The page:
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Open Access item Common features at the start of the neurodegeneration cascade

Authors:Hervás, R.
Oroz, J.
Galera-Prat, A.
Goñi, Óscar
Valbuena, A.
Vera, A.M.
Gómez-Sicilia, A.
Losada-Urzáiz, F.
Uversky, V.N.
Menéndez, Margarita
Laurents, D.V.
Bruix, M.
Carrión-Vázquez, Mariano Sixto
Issue Date:2012
Publisher:Public Library of Science
Citation:PLoS Biology 10 (2012)
Abstract:Amyloidogenic neurodegenerative diseases are incurable conditions with high social impact that are typically caused by specific, largely disordered proteins. However, the underlying molecular mechanism remains elusive to established techniques. A favored hypothesis postulates that a critical conformational change in the monomer (an ideal therapeutic target) in these >neurotoxic proteins> triggers the pathogenic cascade. We use force spectroscopy and a novel methodology for unequivocal single-molecule identification to demonstrate a rich conformational polymorphism in the monomer of four representative neurotoxic proteins. This polymorphism strongly correlates with amyloidogenesis and neurotoxicity: it is absent in a fibrillization-incompetent mutant, favored by familial-disease mutations and diminished by a surprisingly promiscuous inhibitor of the critical monomeric β-conformational change, neurotoxicity, and neurodegeneration. Hence, we postulate that specific mechanostable conformers are the cause of these diseases, representing important new early-diagnostic and therapeutic targets. The demonstrated ability to inhibit the conformational heterogeneity of these proteins by a single pharmacological agent reveals common features in the monomer and suggests a common pathway to diagnose, prevent, halt, or reverse multiple neurodegenerative diseases. © 2012 Hervás et al.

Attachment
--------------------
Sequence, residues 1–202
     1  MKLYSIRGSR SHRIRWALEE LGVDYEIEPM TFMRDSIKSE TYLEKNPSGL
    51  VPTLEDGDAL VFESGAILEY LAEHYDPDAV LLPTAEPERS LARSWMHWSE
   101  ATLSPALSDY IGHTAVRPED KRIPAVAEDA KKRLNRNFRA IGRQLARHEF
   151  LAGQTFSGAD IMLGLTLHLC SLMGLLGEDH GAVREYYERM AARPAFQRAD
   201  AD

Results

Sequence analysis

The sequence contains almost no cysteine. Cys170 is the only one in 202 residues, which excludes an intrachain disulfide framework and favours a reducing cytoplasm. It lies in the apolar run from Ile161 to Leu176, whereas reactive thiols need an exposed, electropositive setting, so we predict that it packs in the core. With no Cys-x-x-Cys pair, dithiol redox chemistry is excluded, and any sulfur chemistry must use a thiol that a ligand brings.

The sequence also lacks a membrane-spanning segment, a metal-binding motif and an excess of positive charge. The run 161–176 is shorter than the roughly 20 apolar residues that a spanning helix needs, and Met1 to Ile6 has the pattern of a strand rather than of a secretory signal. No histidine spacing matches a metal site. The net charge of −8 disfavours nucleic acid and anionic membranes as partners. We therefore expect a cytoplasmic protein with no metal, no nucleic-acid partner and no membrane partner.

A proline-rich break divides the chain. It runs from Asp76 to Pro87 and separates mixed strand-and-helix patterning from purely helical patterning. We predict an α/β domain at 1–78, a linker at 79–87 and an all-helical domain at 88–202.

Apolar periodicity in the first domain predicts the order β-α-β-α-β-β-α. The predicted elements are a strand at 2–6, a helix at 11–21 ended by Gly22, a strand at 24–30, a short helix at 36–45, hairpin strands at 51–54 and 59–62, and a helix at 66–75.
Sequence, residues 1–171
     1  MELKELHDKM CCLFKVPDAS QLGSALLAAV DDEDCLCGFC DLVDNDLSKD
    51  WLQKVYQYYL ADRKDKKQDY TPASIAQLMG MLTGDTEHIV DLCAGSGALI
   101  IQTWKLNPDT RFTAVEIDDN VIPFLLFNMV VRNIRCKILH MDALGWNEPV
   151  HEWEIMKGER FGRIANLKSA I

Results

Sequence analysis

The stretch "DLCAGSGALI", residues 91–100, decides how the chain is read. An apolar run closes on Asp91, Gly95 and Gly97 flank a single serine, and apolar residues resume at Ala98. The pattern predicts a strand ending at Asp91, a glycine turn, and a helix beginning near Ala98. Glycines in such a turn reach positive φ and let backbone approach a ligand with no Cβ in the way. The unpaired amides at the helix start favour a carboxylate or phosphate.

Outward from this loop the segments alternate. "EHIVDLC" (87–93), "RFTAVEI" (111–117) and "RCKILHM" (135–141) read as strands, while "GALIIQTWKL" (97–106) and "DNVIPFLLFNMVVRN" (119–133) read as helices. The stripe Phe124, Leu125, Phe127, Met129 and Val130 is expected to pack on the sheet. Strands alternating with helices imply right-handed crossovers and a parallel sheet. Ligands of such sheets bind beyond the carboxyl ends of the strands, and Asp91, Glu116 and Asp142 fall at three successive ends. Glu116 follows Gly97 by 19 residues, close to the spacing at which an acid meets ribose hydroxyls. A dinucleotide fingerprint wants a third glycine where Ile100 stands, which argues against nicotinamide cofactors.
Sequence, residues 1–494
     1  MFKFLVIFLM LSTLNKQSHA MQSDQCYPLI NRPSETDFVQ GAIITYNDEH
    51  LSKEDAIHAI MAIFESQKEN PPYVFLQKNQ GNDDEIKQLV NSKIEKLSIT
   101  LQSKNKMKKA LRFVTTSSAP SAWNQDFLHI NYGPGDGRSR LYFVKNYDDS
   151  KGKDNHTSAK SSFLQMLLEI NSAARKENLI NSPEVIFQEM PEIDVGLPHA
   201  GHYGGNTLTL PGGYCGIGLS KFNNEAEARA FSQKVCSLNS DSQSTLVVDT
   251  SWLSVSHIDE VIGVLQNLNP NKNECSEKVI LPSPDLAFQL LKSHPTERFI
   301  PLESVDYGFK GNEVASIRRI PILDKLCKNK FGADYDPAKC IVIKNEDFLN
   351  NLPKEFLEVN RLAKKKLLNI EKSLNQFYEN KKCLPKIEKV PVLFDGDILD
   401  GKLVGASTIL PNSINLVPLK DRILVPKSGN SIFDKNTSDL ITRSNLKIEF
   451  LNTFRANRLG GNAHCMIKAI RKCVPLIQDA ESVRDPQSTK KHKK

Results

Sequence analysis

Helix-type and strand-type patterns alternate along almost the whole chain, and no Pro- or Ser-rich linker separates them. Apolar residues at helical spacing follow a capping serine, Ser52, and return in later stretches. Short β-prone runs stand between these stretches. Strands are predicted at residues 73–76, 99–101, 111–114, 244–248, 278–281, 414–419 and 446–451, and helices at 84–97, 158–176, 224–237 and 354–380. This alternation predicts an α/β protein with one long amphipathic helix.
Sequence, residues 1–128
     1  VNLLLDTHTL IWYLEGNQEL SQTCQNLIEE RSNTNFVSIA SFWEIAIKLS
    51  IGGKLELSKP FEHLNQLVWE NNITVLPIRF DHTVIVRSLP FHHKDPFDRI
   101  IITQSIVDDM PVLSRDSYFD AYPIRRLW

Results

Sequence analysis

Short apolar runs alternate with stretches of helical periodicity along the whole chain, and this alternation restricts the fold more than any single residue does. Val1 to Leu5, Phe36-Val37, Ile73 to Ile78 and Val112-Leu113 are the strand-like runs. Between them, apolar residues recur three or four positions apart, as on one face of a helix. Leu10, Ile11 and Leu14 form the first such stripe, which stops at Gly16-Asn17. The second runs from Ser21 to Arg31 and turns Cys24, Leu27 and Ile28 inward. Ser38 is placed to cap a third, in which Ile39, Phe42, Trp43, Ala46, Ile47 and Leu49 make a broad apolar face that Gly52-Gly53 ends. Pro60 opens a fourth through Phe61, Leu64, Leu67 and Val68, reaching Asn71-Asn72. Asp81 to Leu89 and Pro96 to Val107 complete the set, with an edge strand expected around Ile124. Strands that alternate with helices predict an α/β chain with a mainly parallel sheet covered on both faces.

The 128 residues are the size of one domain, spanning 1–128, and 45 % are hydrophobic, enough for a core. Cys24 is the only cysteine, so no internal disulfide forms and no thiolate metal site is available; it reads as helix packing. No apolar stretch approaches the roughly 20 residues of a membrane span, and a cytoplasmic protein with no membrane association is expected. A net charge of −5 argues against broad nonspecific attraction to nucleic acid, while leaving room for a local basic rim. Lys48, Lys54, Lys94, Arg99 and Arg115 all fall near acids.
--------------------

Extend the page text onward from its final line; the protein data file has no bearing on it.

URI:http://hdl.handle.net/10261/60708
Identifiers:doi: 10.1371/journal.pbio.1001335
issn: 1544-9173
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